Residential proximity to agricultural land and risk of brain tumor in the general population

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Abstract

The effect of pesticides on human health is still controversial, particularly as regards long-term health effects like cancer. The literature does suggest, however, that they could be involved in the occurrence of brain tumors, although the results concerning residential exposure are scarce.

Our objective was to investigate the association between residential proximity to agricultural pesticides and brain tumors among adults in France by using a geographical information system.

CERENAT is a population-based case-control study carried out in France in 2004–2006. We used two geographical data sources on agricultural land use to create exposure scores based on crop surface areas near the residence, for open field crops, vineyards and orchards. Conditional logistic regression for matched sets was used to estimate Odds Ratios (ORs) and 95% confidence intervals (95%CI).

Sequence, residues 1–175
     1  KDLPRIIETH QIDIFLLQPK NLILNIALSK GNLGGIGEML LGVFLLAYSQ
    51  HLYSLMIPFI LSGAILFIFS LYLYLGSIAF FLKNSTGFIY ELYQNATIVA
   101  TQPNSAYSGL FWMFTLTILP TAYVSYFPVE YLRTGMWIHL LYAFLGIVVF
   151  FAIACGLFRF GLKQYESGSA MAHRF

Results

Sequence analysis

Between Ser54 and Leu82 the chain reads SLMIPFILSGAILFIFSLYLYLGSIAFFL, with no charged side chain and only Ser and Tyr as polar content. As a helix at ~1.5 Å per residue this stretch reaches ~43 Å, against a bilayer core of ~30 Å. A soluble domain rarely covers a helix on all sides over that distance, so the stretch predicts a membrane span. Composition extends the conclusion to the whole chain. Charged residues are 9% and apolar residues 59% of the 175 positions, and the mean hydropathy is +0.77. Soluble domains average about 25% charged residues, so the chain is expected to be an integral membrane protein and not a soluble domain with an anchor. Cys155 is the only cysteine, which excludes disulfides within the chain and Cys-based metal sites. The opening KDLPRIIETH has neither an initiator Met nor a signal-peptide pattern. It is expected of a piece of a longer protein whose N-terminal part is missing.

We found a significant association between meningioma and proximity to open field crops above the 75th percentile (OR 2.30 95%CI 1.04–5.10). Non-significant associations were also found with proximity of vineyards above the 95th percentile (OR 1.90 95%CI 0.41–8.69) and orchards above the 95th percentile (OR 5.50, 95%CI 0.49–61.94). No significant association was found between glioma and proximity to agricultural land. Further investigations are needed, particularly to improve the quality and availability of geographical data on agricultural land use.

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